The third of four decisions this month with an international context was decided by New York County Supreme Court Justice Manuel J. Mendez.
In Bond v Lichtenstein (pdf), decided July 15, 2014, Justice Mendez granted a mother summary judgment in lieu of complaint under C.P.L.R. §3213 domesticating a $570,110.05 Hong Kong judgment for child support arrears.
The parties lived together for approximately one year beginning in April of 2006. The mother is a citizen of the United Kingdom and the father is a citizen of the United States. Not long after the mother found out she was pregnant, the relationship fell apart, and by April of 2007, the parties had separated.
On August 31, 2007, their female child was born in England. The mother currently resides with the daughter in Hong Kong and with another man.
On November 21, 2008, the mother commenced child support and paternity proceedings in England. There was a trial and resulting December 3, 2010 Support Order from the High Court of England.
The parties then entered into a consent summons for the purpose of obtaining a “mirror order” in Hong Kong reflecting the support obligations obtained by the mother in England and vacating the English Order. In November of 2012, the father submitted to jurisdiction in Hong Kong for obtaining the “mirror order” and resolving other related issues.
In May of 2013, the proceeding brought before the High Court of Hong Kong resulted in a four-day trial concerning child support. The father appeared for the trial by video. He submitted evidence and was represented by attorneys. On June 28, 2013, the High Court of Hong Kong, by Deputy High Court Judge, Bebe Pui Ying Chu, rendered an 87-page Opinion.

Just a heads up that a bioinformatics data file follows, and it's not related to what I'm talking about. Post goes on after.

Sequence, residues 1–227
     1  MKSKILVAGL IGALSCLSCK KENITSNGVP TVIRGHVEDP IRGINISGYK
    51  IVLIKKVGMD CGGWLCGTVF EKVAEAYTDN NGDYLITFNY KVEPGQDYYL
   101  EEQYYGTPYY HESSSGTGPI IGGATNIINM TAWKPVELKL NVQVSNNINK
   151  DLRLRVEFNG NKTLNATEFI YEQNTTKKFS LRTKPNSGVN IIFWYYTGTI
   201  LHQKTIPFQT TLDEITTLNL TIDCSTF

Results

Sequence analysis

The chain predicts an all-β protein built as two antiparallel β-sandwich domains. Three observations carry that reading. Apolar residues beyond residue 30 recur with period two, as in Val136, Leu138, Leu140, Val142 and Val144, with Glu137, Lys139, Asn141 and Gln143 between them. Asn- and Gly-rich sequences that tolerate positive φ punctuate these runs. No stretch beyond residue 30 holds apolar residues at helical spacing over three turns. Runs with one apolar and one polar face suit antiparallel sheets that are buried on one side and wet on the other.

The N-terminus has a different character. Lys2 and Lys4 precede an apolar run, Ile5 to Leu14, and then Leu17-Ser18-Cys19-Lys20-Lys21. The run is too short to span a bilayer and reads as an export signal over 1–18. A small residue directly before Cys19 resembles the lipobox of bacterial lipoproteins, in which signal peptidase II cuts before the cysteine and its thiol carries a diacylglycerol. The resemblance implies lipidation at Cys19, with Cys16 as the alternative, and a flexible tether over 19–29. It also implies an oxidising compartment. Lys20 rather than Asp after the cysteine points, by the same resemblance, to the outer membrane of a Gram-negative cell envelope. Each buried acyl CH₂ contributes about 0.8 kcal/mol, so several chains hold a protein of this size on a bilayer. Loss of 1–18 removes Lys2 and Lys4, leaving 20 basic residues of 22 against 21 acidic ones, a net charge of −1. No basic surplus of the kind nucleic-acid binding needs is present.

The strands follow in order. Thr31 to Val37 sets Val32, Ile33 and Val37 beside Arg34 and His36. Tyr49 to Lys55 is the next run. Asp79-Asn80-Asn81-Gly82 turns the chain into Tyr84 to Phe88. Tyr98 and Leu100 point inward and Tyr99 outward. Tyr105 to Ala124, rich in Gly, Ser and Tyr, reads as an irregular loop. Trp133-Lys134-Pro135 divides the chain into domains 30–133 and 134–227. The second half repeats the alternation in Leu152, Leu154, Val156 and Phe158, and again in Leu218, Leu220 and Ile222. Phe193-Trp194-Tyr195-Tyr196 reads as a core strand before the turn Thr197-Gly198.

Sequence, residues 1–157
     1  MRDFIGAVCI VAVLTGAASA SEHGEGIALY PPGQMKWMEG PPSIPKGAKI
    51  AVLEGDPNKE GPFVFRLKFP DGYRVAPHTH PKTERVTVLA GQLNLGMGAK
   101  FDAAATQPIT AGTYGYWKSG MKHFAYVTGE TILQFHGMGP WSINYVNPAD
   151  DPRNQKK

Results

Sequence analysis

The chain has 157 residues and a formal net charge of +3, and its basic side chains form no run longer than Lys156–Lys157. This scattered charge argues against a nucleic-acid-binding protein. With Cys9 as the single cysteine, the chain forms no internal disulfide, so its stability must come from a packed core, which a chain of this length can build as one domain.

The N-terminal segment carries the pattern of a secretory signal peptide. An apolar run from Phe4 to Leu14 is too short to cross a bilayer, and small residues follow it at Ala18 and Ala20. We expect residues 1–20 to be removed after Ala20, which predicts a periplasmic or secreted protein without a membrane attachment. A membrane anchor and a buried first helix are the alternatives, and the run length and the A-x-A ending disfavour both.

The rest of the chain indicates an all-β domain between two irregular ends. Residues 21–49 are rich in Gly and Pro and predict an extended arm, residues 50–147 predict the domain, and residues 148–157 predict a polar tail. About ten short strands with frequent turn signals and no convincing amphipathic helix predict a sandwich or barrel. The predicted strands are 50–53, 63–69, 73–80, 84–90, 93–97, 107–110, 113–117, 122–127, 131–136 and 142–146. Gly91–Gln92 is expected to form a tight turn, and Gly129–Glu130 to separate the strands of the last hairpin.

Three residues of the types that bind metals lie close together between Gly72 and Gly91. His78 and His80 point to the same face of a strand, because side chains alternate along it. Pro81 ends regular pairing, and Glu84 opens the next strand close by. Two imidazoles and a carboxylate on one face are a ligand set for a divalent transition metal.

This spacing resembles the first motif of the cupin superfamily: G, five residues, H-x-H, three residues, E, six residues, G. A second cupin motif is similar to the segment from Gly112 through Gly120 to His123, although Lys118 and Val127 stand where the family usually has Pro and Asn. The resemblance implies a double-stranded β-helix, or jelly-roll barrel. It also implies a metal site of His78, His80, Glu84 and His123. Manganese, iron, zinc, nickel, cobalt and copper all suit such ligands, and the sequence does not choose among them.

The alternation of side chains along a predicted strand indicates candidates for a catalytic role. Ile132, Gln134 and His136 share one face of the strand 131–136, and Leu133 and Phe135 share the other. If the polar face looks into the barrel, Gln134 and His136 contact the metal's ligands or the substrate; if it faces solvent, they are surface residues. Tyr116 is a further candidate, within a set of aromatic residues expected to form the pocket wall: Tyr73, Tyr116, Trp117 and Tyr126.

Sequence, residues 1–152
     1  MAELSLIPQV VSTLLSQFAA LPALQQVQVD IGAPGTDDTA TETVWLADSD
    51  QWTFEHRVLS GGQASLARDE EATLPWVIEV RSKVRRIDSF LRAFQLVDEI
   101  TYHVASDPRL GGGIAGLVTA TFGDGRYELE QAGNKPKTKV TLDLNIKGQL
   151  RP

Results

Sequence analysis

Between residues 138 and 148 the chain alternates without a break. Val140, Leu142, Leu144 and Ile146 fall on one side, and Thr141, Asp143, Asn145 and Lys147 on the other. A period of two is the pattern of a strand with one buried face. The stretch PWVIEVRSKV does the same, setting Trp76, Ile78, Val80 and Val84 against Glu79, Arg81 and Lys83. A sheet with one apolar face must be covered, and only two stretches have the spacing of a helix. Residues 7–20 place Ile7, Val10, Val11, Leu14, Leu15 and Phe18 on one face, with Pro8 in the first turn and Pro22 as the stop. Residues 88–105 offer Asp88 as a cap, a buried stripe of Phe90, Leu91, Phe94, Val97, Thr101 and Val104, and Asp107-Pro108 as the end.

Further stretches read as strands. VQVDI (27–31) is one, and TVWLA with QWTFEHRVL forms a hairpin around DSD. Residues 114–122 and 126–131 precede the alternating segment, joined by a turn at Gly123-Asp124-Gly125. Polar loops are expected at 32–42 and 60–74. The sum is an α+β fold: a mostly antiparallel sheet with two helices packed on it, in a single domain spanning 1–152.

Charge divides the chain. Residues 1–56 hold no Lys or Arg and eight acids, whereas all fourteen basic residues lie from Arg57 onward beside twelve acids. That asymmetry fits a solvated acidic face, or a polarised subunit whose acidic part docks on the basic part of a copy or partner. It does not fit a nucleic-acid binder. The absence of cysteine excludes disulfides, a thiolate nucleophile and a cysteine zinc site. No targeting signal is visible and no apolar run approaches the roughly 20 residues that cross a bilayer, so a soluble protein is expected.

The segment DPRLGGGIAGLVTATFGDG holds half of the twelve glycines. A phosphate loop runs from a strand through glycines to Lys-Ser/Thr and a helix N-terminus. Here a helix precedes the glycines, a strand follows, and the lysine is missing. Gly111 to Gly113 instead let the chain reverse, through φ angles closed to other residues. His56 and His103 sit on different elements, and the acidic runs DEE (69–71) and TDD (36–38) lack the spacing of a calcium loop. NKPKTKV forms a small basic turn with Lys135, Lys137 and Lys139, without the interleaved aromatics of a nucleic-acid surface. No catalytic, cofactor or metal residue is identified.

This action was commenced by the mother to enforce the December 2, 2013 judgment obtained in Hong Kong for child support arrears from July 2013 through December 2013, in the amount of $4,418,352.90 (Hong Kong) at 8% interest per annum (which the mother calculated to convert to $570,110. 05 in U.S. dollars [more than $80,000.00 per month]) and to obtain attorneys fees, costs and expenses.
The father opposed the current New York County motion for summary judgment contending that the mother’s judgment was obtained by fraud. Specifically, he argued that money provided the mother by her paramour of several years was clearly a “gift” and not a “loan” as the mother and paramour claimed.
However, Justice Mendez held that the father’s assertions of fraud were not sufficient to prevent enforcement of the Hong Kong judgment under the doctrine of comity. The father did not establish that the fraud alleged was “extrinsic fraud,” or that the issue of fraud was not addressed by the High Court of Hong Kong. Indeed, the June 28, 2013 Hong Kong Opinion referred to the father’s assertion of fraud on this ground that was raised during the trial.
Moreover, Justice Menez also rejected the father’s argument that the Hong Kong judgment was repugnant to New York’s public policy as voiced by the Child Support Standards Act (C.S.S.A.) The father had been represented by counsel and was provided the opportunity to fully present his case. The Hong Kong opinion found that the mother was unemployed and had no steady source of income. The father failed to establish that the C.S.S.A. guidelines were violated. His finances and the mother’s finances were both taken into consideration. The mother, with her limited resources, was also found responsible for supporting the child. The Hong Kong opinion even provided for a future downward modification upon the mother’s obtaining employment or any other change in financial circumstances as the child got older.
Finally, Justice Mendez found that the mother was entitled to attorney fees relating to this motion seeking enforcement of the judgment obtained in Hong Kong. The father did not establish fraud or that enforcement of the judgment was repugnant to public policy. He also willfully refused to pay the December 2, 2013 judgment in an attempt to prolong litigation.